We show that consumers may very well benefit from such expenditures despite the effects on concentration and likely attenuation of. endogenous sunk costs (NESC). Both the NESC and our RESC theories explain the observations of quality rising with market size and the bound on industry concentration.

The nature of the process by which quality, sunk costs, and market size and structure interact is much di erent, however. Thus, the paper suggests that there may be pitfalls in.

The determinants of market structure are: Number of firms (N), Size of Market (s) and Intensity of Price Competition (t). Before we analyse how each factor affects the market structure, we have to distinguish between the two main types of market.

Sheldon () identifies, the presence of endogenous sunk costs in R&D expenditures, 1 In regards to economies of scale and/or economies of scope in agricultural biotechnology, Chen, Naseem, and Pray () find evidence that supports economies of scope as well as internal and external spillover. Correspondingly, observed concentration levels in advertising-intensive industries are bounded away from zero irrespective of market size.

KeywordsMarket structure–Endogenous sunk costs. industry. If the endogenous sunk costs like advertisement, R&D and product quality are (relatively) more significant than the setup costs, the theory of endogenous sunk costs predicts that the market will be dominated by a few firms as the market size grows over time since large endogenous sunk costs can deter entry and limit competition.

endogenous, interact with one another to determine the equilibrium market structure in an industry. For the case of exogenous sunk costs, the central prediction of the theory is that an increase in market size relative to setup costs may lead to inde finitely low levels of market concentration.6 In the case of endogenous sunk costs, however.

Most industries exhibit striking asymmetries across markets in both a given brand’s market share and the industry’s rank-order of shares. Following Sutton’s theory of endogenous sunk costs, a robust set of gametheoretic predictions is generated regarding industrial market structure and the role of.

Bakker, G. The Decline and Fall of the European Film Industry: Sunk Costs, Market Size and Market Structure, – Economic History Review, 58(2): – Find this resource: Bakker, G. The Making of a Music Multinational: Polygram’s International Businesses, – Business History Review, 80(2): 81– expands.

Thus, endogenous sunk-cost investment is used as barriers to entry by dominant banks to lend banking stability. In order to assess if the Islamic banking industry is characterized by endogenous sunk-cost investment, our analysis will proceed in the following steps with. model.

When market structure is exogenous, questions of time consistency of regulatory measures may arise if there is also scope for setting sunk costs endogenously. The relevance of this result in practice is illustrated with reference to the regulatory design of market structure in the European mobile telecommunications industry.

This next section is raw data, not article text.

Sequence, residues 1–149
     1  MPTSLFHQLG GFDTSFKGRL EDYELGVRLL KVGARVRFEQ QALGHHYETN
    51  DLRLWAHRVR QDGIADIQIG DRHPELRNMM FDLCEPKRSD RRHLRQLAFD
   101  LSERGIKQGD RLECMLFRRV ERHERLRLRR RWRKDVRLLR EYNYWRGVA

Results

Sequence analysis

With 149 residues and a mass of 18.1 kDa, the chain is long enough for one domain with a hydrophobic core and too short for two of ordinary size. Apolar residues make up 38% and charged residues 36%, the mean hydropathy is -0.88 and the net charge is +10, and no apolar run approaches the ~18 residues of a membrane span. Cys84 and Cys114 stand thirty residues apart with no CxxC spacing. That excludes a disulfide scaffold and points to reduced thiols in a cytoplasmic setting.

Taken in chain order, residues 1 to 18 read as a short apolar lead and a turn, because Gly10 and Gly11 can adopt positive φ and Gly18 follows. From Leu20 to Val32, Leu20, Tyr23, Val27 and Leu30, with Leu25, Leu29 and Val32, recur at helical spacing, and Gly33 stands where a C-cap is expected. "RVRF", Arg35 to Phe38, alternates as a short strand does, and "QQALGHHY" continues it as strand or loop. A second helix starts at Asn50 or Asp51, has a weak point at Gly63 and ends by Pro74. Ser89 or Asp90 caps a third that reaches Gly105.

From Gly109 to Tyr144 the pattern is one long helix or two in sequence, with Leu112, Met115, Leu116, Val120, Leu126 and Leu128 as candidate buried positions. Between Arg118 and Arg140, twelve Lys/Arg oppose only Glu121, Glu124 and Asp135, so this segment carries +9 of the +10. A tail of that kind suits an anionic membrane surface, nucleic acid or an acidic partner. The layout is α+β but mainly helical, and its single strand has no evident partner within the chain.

Auctioning the. endogenous sunk costs, as developed in Sutton (, ), which largely avoids causal econometric estimation in favour of robust reduced form relationships that describe the evolution of R&D spending in conjunction with competition intensity and market structure.

4 Proposition 1: For the Cournot 3-stage Endogenous Sunk Costs model, with F=A(u) + σ and A(u) = a/γ(uγ – 1), if the second order condition γ > max{1,a/2σ} holds, then the equilibrium number of firms N* is bounded above, and an upper bound is 2 + ½ max{γ,a/σ}.The proof of this proposition is provided in Appendix B of this paper.

market industry are the result of competitive investment in endogenous sunk costs. Using the bounds regression methodology developed in Sutton (), I document the existence of a large, positive lower bound to concentration that remains bounded above zero regardless of market size.

Testing the theory of Sutton (), this paper presents empirical evidence consistent with the predictions of the endogenous sunk cost model of competition, with an application to banks. In particular, banking markets remain concentrated regardless of market size. Given an asymmetric oligopoly where dominant and fringe firms coexist, the number of dominant banks remains unchanged with market.

remains bounded away from perfect competition as market size becomes large. The industry attributes consistently identified by the literature and important in the development of an endogenous market structure model include: (i) endogenous sunk costs in the.

2. The Model Consider an endogenous-sunk-cost industry, and assume further that each firm produces one variety of the product at a single plant. Competition in such an industry can be modeled using a noncooperative three-stage game.

At stage 1 firms simultaneously decide whether or not to enter at a given sunk cost of entry.If market size ↑→ n. e ↑& industry concentration ↓ • Not verified empirically in all industries • ∃industries with large increase of market demand over time.

and. persistently high concentration • To reconcile theory with facts: endogenous sunk costs • Lesson: In industries with exogenous sunk costs, industry .